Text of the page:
Giving children rewards for doing well on tests can significantly improve their scores on IQ tests, research by two psychologists indicates, and the effect is most dramatic for low-income black children and children assigned to special education classes. In giving IQ tests to children, the two Central Michigan University researchers and several of their graduate students in psychology found that motivation may be curcial to the successful performance of certain children on these tests. The psychologists said the findings are important in light of recent court cases which contend that IQ tests often mislabel black children as mentally impaired. They also note that IQ tests frequently are the main criteria for assigning children to special education classes. One of the psychologists, Carl Johnson, said the accepted way to administer IQ tests is to provide no verbal or tangible reinforcement for correct answers. "Psychologists who administer the test are specifically instructed to provide no reinforcement other than such neutral comments as 'Keep on working' or 'Good try,' "Johnson said. He and his colleagues said that in their research they divided their subjects into three groups: One took the tests as normally administered without reinforcement for the correct answers. Another section was given tokens for correct answers. The tokens later could be exchanged for coloring books, crayons, raisins, ribbons, pens, rings and toys.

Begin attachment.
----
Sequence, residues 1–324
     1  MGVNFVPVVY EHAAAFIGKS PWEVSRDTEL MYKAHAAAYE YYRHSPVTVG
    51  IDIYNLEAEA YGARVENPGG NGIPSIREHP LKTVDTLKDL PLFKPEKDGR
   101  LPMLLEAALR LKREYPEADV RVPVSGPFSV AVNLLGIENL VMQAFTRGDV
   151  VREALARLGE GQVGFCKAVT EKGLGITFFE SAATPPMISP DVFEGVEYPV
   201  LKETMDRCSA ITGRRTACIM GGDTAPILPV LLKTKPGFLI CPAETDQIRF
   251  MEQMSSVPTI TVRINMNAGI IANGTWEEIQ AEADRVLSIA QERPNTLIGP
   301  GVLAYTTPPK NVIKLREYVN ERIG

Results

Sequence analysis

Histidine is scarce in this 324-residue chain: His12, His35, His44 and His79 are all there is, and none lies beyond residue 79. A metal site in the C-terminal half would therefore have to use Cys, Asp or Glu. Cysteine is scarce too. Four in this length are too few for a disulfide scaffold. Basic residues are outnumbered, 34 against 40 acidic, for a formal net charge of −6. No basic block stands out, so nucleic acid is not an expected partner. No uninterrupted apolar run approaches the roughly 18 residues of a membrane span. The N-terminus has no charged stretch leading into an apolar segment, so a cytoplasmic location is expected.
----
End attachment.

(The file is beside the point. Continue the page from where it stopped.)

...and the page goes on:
The third group of students had to answer a specified number of questions correctly before they received any tokens. The researchers said immediate reinforcement improved the test scores significantly for all the children, but the most dramatic increases were with the black and special education children. In fact, the psychologists said half the children labeled as mildly retarded scored above the mentally impaired level when they had reinforcement. The researchers said they would administer more IQ tests to see the effects of reinforcement on children of different ethnic backgrounds, ages and socio-economic classes.